In the spring of 2011 I returned from Taiwan where I’d lived for 6 years to my hometown, Cranbrook, BC, because my father was having heart problems. It was the first time that I’d spent an extended period around my family in more than 10 years. My brother Ben and I were raised on the ski hill. We started skiing when we were 3 years old. We started snowboarding about 8 years later, and never looked back. The ski hill had already closed for the season, but there was still enough snow to hike it, so my brother and I hit the slopes together for the first time in more than a decade.
We arrived in the late morning after the sun had been on the snow long enough to soften it. It took us about 45 minutes to hike up to the park. We weren’t the only ones on the hill. We ran into several others who were squeezing the most out of the season, including one girl snowboarding on mushrooms.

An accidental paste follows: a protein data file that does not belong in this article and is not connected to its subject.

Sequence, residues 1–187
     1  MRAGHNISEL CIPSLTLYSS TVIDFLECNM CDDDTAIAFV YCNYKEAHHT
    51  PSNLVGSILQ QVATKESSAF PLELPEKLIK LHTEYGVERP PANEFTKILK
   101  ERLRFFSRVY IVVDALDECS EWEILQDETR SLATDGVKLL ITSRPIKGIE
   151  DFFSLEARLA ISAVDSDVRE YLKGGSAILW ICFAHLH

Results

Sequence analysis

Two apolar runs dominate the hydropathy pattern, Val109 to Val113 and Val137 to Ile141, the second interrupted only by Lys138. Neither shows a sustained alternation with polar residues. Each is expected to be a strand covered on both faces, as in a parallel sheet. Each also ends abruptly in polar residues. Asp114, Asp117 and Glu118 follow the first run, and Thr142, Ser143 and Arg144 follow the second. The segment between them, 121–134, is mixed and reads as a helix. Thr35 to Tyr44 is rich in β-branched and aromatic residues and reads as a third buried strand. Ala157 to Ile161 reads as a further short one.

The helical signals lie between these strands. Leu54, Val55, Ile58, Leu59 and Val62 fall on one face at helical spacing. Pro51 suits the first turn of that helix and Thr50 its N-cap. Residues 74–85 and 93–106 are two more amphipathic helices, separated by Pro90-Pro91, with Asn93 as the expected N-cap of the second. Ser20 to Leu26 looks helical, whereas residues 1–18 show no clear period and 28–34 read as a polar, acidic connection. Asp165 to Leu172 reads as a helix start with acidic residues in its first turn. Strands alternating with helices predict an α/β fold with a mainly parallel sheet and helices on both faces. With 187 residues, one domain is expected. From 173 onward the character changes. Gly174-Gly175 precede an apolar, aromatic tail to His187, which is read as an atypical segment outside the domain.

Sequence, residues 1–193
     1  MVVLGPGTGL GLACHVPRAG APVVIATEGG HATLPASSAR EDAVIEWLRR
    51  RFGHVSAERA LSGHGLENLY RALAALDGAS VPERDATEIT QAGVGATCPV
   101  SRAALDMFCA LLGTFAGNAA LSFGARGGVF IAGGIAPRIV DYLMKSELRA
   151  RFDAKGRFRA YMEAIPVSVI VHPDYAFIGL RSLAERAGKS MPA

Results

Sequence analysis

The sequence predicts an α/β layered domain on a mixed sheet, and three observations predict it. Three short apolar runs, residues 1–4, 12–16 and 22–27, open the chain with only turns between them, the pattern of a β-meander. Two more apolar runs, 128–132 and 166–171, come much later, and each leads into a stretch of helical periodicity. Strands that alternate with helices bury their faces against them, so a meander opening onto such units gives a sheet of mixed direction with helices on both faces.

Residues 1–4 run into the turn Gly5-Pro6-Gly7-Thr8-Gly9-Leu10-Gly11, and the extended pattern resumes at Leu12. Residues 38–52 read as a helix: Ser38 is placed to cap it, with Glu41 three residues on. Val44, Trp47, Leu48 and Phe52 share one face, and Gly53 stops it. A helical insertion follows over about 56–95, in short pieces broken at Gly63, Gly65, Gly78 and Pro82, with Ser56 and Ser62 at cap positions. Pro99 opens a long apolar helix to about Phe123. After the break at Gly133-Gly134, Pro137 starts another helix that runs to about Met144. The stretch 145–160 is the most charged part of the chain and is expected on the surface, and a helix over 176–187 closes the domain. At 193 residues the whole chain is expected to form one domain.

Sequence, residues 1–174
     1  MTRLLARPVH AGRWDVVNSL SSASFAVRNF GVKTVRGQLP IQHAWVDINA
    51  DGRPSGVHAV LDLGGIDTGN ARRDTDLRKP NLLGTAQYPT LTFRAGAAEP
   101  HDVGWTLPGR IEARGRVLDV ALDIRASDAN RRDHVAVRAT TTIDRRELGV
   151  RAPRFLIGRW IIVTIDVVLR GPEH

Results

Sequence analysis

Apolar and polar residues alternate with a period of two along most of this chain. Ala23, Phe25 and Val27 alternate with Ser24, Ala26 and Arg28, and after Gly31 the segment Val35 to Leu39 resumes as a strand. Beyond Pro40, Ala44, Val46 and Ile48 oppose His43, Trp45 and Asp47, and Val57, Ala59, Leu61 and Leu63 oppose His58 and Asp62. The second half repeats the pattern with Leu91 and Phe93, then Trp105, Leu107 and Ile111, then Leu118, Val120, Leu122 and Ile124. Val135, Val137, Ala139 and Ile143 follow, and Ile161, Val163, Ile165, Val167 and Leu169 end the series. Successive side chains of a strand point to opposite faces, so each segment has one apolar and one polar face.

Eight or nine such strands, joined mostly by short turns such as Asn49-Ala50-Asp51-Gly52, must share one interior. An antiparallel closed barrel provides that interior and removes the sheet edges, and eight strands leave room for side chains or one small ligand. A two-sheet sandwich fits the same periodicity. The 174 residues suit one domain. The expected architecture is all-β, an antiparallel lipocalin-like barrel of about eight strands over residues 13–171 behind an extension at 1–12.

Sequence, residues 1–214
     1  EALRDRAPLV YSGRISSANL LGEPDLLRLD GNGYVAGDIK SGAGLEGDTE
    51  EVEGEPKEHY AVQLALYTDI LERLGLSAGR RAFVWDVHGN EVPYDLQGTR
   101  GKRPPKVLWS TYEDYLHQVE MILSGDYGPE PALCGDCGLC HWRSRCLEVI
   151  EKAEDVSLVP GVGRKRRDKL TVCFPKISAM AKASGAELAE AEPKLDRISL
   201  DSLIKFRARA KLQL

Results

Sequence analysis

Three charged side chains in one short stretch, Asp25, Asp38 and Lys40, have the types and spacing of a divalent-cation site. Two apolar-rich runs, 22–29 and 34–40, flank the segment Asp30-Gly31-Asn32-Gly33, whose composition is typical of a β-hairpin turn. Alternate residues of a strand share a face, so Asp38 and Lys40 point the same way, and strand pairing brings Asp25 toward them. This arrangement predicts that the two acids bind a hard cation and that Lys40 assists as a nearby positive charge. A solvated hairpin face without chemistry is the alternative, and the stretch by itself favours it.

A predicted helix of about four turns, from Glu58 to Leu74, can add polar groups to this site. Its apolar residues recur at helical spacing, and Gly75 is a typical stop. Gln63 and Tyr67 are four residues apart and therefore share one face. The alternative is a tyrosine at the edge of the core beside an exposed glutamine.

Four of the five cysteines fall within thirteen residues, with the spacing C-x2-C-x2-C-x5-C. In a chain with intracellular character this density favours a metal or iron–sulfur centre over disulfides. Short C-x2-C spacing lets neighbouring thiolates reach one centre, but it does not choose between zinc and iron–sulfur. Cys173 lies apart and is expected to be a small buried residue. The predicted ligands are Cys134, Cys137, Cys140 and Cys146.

I should note here that whereas I had only snowboarded a handful of times in the preceding decade (because I’d moved away first to University and later to Taiwan) my brother had spent it teaching snowboarding and moving from hill to hill.
We first built a small jump onto a rail near the top of the park. Ben slid gracefully across it.
Then I flung myself at it like an epileptic monkey.
We soon got bored and shaped a larger jump further down the park. Ben hit it first.
Then he showed me how much he’d improved in the past ten years–by sticking a backflip on his first try. Here is the sequence.
Did I forget to mention that he even threw in an indy grab?
He landed a bit off-balance.
But he stuck it.
As the day continued, I began to get my legs back. Here is one of my better airs, a big mute stiffie a la 1992.
We each hit the jump one last time.
And then it was time to head home.